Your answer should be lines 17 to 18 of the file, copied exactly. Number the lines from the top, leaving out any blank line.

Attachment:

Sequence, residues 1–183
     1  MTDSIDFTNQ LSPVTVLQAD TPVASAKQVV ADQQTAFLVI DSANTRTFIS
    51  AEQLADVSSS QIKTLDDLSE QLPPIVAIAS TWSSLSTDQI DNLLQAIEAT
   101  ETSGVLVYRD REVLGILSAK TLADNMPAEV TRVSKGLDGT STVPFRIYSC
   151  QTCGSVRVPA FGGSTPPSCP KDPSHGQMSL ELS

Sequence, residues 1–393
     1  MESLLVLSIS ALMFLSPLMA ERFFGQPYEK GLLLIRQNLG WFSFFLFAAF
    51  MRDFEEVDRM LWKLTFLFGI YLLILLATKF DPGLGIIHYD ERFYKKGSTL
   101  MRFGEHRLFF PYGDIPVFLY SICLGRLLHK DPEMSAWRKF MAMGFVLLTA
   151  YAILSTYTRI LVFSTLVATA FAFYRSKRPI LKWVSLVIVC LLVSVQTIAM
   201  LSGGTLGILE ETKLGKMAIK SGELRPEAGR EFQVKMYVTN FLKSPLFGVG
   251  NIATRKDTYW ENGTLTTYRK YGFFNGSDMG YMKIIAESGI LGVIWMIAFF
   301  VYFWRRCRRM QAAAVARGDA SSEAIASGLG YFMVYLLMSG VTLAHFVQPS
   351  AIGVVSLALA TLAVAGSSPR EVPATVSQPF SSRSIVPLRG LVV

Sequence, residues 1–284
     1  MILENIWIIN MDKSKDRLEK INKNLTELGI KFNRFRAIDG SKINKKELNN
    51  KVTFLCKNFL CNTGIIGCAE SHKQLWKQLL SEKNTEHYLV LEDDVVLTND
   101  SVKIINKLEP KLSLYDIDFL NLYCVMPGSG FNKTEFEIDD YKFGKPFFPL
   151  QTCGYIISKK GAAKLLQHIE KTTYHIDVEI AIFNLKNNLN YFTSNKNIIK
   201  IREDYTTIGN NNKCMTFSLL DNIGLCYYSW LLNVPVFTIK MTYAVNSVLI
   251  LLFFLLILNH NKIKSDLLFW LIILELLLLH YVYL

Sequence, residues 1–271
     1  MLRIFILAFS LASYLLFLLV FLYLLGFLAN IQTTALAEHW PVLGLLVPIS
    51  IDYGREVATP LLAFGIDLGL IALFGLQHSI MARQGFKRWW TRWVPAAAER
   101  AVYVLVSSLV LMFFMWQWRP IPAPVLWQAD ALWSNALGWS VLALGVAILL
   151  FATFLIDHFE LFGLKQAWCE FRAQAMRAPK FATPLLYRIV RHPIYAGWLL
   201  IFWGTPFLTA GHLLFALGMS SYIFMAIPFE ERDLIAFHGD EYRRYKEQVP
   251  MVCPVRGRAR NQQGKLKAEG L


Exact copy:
    51  KVTFLCKNFL CNTGIIGCAE SHKQLWKQLL SEKNTEHYLV LEDDVVLTND
   101  SVKIINKLEP KLSLYDIDFL NLYCVMPGSG FNKTEFEIDD YKFGKPFFPL